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Good Guys with Guns Stop Bad Guys with Guns

For families, communities, and all Americans, protection and self-defense more critical than ever

As news unfolded last week in this country, many things got splashed across our television screens and repeated over and over again. If the story is one of death or terror, it usually gets plenty of airtime and lots of print. A perfect example is the very newsworthy shooting at the Republican softball practice. A lunatic, left-wing-fringe ‘wanna-be killer’ tried to target unarmed and defenseless Congress members. It got the press time it deserved.

Two armed plainclothes police officers assigned as dignitary protection to one of the Congressmen present stopped the attempted murder. Even after being wounded, they continued to engage the gunman. They were both transported to the hospital, and the gunman later died from his injuries. The other legislators present were fortunate the police officers had been assigned as protection.

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Then there is the story of the two corrections deputies who were murdered in cold blood by escaping felons in Georgia. The escapees killed the officers with the deputies’ own weapons. After getting away in the transport bus in which they’d been riding, they went on the run and committed other crimes. Carjacking, robbery — all the while armed and dangerous. A multi-state manhunt for them ensued.

After finally being located, a chase with police began and resulted in a crashed stolen car. During the crash, the perpetrators lost the firearms they had been using. What they were not expecting was a brave armed citizen defending his home. Patrick Hale was that citizen, and he is credited with holding the two prisoners until police arrived.

Now I know the police officers that saved the group of legislators were “doing their jobs,” but remember: We constantly hear that more guns are not the answer. Ask those two officers in Alexandria if they would have liked a couple of those present to be carrying at the time. The simple fact of the matter is that without those two armed law-enforcement officers, we would have to be making arrangements for the funerals of a lot of our elected officials.

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And the armed citizen who caught the two murderers of the correctional deputies in Georgia? Well, even though the two escapees were not armed at the time, I think we can agree they had murdered already and probably wouldn’t think twice about doing it again. Mr. Hale was able to not only stop them, but prevent them from harming anyone else. Even without having to draw his firearm, its presence was enough.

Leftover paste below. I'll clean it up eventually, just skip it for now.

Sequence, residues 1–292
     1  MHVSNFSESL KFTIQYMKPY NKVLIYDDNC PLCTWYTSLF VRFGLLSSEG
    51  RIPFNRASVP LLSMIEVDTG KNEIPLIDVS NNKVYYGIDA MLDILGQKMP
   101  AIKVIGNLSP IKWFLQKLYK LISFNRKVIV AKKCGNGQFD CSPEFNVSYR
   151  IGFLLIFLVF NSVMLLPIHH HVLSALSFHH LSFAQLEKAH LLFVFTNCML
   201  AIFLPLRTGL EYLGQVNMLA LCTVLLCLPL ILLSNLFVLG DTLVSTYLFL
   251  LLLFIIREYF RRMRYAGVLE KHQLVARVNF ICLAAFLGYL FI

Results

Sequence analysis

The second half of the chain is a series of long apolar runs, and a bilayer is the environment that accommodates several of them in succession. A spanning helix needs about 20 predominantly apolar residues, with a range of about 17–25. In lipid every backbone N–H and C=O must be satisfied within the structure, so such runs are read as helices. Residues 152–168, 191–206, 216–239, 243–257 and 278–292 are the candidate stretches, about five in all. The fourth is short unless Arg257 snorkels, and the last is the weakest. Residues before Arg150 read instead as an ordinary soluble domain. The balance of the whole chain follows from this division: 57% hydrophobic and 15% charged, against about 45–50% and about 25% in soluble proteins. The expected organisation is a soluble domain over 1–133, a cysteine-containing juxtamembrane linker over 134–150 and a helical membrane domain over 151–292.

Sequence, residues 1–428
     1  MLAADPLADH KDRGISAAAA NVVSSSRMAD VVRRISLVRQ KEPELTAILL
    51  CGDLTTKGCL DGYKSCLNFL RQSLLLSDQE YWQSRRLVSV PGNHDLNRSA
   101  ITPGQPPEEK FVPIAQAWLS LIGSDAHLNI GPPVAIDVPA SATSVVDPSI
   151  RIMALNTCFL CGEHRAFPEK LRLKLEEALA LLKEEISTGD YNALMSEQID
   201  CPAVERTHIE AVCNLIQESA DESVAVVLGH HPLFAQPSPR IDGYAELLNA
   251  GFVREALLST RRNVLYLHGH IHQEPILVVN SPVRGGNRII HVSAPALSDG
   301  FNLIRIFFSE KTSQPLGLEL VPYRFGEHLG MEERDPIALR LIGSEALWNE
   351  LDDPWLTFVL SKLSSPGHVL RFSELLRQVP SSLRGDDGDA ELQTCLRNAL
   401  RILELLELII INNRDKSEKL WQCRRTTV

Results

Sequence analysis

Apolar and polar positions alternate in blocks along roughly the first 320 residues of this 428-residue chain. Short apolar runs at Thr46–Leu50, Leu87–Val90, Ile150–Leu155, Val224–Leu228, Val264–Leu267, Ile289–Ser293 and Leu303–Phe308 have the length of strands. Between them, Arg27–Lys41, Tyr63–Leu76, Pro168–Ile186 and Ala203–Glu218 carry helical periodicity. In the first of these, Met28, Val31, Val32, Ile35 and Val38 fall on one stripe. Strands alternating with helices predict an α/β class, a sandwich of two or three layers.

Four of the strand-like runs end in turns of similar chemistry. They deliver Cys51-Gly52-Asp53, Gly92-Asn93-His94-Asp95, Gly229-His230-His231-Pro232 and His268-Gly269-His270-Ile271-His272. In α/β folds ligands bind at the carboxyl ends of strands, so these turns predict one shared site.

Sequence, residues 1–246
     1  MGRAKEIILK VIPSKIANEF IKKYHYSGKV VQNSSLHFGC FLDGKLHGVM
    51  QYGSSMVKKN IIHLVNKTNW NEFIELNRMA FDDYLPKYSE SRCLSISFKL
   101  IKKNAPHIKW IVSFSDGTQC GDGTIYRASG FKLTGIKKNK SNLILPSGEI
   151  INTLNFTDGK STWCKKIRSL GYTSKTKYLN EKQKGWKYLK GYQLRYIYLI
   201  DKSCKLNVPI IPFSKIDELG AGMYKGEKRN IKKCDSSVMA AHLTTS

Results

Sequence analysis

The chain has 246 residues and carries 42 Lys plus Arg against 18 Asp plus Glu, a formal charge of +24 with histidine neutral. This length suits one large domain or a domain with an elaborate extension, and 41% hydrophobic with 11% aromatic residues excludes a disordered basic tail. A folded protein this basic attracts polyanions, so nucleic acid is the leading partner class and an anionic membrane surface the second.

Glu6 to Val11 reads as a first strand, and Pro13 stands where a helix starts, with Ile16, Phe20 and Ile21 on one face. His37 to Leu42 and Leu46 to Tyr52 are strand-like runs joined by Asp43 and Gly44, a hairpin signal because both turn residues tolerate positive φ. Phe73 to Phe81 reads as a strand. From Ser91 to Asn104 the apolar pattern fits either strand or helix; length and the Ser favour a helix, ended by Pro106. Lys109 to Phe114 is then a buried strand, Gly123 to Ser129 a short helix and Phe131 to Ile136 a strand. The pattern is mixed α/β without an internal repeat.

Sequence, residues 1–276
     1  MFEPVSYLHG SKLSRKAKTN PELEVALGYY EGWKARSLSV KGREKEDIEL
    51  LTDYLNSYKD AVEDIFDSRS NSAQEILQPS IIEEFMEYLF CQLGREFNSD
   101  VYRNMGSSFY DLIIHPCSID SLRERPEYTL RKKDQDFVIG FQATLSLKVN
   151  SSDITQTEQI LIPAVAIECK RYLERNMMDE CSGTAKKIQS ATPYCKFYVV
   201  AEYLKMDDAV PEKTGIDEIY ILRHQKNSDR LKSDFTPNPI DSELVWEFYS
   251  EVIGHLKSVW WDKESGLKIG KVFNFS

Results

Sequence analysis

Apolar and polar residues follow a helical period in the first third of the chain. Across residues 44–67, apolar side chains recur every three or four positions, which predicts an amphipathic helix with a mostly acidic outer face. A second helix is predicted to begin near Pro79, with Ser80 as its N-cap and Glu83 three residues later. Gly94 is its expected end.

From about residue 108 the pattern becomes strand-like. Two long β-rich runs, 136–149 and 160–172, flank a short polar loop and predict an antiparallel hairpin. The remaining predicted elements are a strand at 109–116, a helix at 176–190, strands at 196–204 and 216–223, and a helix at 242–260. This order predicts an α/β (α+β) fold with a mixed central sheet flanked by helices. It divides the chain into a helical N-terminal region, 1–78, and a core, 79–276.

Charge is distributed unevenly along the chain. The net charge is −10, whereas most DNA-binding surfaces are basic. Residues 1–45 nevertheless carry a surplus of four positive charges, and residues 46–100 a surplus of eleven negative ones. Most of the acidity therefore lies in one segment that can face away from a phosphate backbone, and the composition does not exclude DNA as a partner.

So why is there not more coverage about this citizen’s actions? Two officers were murdered by these escapees, they were on the run — actively fleeing from the police. It’s because the idea, “it takes a good guy with a gun to stop a bad guy with a gun,” is not popular with the press. It happens much more than you think or hear.

Related: An Open Letter to Those Who Would Harm Cops

Stories of people saving themselves or others, or stopping felons from committing crimes, happen daily. They will not make national news unless it’s a Congressman being saved by a gun, and a police officer that has that gun. But remember, cops cannot be everywhere all the time.

Even though I am a former law-enforcement officer of over three decades, I will be the first to tell you the old joke is true, “I carry a gun because carrying a cop is too heavy.”

Related: I’ve Bought a Gun for Self-Defense: What Now?

Law enforcement is reactionary by its very nature — remember, they come when you call, but you have to be able to call them. It takes time for them to get there. You have the rest of your life to think of what you wish you had while you waited for them to get there. If you’re not dead.

Chris Wagoner is a U.S. Army veteran and senior OpsLens contributor. He has been in law enforcement the last 35-plus years. He specializes in LE Firearms Instruction and is in charge of a large police academy in North Florida. This OpsLens article is used by permission.

Read more at OpsLens:
Learning to Shoot: How Much Training Is Enough?
Trying Juveniles as Adults: New Solution to Old Problem

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